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Denim Minds Under 30: Good American’s Anahid Mora

Like any business that has been around for more than a century, the jeanswear industry has its legends. It is also continuously reinventing itself and welcoming more opportunities for innovation—and oftentimes, it takes a fresh perspective to make real change. Rivet’s Denim Minds Under 30 column shines a spotlight on young professionals committed to pushing the denim industry forward, paying special mind to the planet and its people.

In this Q&A, Anahid “Ana” Moran, a denim technical designer at Good American, details how she got her start in denim and how she and her peers are banding together to make denim more sustainable.

Describe your current job. 

AK: I currently work at Good American as a denim technical designer. I am responsible for communicating all the garments’ fits, detail comments and information to our vendors. I work directly with our designers and our fit models to get the perfect look and feel of the jean.

What drew you to the denim industry? 

AK: I never would have guessed I would end up in fashion, but  let alone denim. But after high school, I happened to fall into it, and have never left.

What is your first denim memory? 

AK: I had a friend whose parents owned an industrial laundry in L.A. where brands like J Brand, Hudson, Current/Elliott and others would do their wash development and production. At the time, I was a salesperson for a fine cutlery company, and had I set up a sales appointment with the parents. As I was in the middle of my presentation, the dad stopped me and asked if I was happy doing what I do, and that it would be more lucrative, creative and fun to work for him. I started my new job at the laundry the following Monday, and he encouraged me to go out into the wash house and watch how jeans were made. It was history from there.

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I had no idea how much creativity was possible with denim. I watched the workers use sandpaper, pumice stones, coating, heat transfers, dye from fruit and flowers; they even used house paint on a production cut. I learned that denim was an artist’s playground, and I was eager to get my hands dirty.

Since working in denim, has anything surprised you about the denim industry?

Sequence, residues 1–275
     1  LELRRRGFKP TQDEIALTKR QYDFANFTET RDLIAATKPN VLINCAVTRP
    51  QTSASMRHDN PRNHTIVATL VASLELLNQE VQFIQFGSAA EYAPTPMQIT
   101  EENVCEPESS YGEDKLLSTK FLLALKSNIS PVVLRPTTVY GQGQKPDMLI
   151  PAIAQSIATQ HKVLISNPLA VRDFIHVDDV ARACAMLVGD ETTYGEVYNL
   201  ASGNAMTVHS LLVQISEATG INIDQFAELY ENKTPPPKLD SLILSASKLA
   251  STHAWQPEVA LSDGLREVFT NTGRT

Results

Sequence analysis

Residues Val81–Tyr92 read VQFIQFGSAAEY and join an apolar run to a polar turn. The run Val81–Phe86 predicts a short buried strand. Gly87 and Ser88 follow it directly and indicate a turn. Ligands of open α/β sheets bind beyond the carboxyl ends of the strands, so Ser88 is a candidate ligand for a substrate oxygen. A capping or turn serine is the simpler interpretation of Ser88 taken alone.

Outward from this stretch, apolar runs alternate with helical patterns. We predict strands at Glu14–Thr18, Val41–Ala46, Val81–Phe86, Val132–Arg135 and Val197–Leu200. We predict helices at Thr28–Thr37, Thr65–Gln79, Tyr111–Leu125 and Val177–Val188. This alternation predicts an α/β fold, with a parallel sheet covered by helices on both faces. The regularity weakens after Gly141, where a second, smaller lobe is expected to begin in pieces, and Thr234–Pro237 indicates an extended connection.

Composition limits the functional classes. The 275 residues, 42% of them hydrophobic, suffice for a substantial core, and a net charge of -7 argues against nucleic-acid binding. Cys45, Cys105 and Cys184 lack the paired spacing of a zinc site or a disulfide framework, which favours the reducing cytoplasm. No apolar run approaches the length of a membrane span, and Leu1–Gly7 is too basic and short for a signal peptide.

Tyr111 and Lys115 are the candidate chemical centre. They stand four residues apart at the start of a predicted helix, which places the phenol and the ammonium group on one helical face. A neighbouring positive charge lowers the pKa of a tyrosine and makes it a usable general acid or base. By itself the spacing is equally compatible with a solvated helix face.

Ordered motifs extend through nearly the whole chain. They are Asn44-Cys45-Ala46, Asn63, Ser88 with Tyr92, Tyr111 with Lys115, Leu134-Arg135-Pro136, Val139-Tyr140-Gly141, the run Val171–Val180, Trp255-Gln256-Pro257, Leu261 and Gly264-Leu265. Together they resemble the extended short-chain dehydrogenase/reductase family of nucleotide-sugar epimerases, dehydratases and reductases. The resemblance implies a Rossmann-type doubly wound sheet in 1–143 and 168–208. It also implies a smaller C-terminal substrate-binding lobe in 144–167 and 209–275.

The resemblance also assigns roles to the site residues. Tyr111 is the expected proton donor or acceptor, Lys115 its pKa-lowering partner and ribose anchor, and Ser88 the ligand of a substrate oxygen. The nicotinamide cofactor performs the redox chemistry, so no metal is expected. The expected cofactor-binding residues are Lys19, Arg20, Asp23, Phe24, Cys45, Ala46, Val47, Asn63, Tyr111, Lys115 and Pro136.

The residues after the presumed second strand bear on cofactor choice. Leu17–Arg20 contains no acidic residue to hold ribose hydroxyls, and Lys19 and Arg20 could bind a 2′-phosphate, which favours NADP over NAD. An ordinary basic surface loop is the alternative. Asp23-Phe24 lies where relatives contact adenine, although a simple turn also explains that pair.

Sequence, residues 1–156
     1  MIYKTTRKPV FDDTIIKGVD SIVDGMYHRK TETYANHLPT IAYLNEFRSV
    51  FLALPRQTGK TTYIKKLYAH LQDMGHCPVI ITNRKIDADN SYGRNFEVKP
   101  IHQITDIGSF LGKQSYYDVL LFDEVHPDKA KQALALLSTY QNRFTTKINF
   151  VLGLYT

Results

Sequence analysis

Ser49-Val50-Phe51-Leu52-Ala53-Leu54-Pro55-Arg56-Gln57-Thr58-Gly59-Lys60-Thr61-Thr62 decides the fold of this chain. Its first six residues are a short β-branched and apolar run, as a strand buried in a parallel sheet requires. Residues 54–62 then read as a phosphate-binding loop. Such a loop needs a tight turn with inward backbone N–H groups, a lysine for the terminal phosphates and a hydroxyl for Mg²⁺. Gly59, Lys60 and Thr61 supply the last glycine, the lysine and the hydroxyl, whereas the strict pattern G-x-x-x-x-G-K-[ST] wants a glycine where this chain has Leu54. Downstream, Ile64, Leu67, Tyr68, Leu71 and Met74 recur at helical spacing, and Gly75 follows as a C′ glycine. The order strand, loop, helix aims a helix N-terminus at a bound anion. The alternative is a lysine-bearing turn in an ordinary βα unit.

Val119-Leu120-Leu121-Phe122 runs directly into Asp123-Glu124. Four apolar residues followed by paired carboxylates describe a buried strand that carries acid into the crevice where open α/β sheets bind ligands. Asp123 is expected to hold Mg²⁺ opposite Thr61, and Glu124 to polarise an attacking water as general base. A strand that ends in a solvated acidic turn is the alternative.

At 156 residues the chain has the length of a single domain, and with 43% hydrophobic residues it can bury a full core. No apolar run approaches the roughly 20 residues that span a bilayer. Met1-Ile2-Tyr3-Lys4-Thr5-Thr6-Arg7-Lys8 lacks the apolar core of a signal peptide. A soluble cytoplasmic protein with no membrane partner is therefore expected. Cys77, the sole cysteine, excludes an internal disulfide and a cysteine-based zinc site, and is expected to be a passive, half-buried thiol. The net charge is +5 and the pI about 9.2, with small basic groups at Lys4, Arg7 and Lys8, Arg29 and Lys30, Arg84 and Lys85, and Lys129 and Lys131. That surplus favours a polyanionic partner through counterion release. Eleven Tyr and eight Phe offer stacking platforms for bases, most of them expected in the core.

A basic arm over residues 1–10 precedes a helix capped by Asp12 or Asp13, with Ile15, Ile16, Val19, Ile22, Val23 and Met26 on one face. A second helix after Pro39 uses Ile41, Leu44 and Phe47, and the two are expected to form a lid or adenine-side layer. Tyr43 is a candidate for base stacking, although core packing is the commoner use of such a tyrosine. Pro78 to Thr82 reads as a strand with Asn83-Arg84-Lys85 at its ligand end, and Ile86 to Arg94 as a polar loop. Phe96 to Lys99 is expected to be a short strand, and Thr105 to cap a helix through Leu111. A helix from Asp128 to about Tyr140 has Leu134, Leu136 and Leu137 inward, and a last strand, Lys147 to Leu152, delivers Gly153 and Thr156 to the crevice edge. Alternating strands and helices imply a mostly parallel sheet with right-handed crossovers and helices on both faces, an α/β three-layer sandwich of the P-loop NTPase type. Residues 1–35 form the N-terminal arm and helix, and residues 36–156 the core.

AK: The level of technology used to develop new variations of denim and wash processes continues to surprise me. Whiskers that were normally sanded into jeans by hand can now magically show up in seconds with a laser. Likewise, a rigid-looking authentic vintage jean can be updated to include high stretch.

What are your short- and long-term goals for the industry?

AK: My short-term and long-term goals are to keep learning and evolving with denim. I hope to one day move to the operations and production management side of things, but for now I am happy working on the fit and development of styles.

Which brands or supply chain partners do you look up to, and why?

AK: For style, I love the mix of vintage basic and fashion denim pieces from the ’70s, ’80s and ’90s with a sprinkle of high-fashion attitude. For this reason, my favorite brands are Levi’s, Lee’s, Wrangler, Nudie, Agolde, Balmain, Versace, Miu Miu and Alexander McQueen, though I love small label, creative pieces the most. I love pieces that showcase the skills of the designer and sewer.

What do you think the denim industry will learn from the pandemic? 

AK: Due to the pandemic, every aspect of making a jean was affected, from being able to have fabric, zippers or buttons delivered on time, to factories and fabric mills completely closing and having to resource and redevelop entirely. The pandemic hit hard for everyone around the world. We needed to learn how to keep an open mind, and creatively problem solve with what resources we had available.

What advice do you have for other young people in the industry?  

AK: Keep pushing forward, as long as you love it. Do your research and keep learning.

What will be the biggest impact that young people will have on the denim industry in the future? 

AK: Sustainability. The younger crowd seems to be paying attention to more details than ever before. They think critically about the origins of their garments and creative ways to recycle denim. I feel like there are so many more avenues for reusing and recycling denim now than when I started 10 years ago.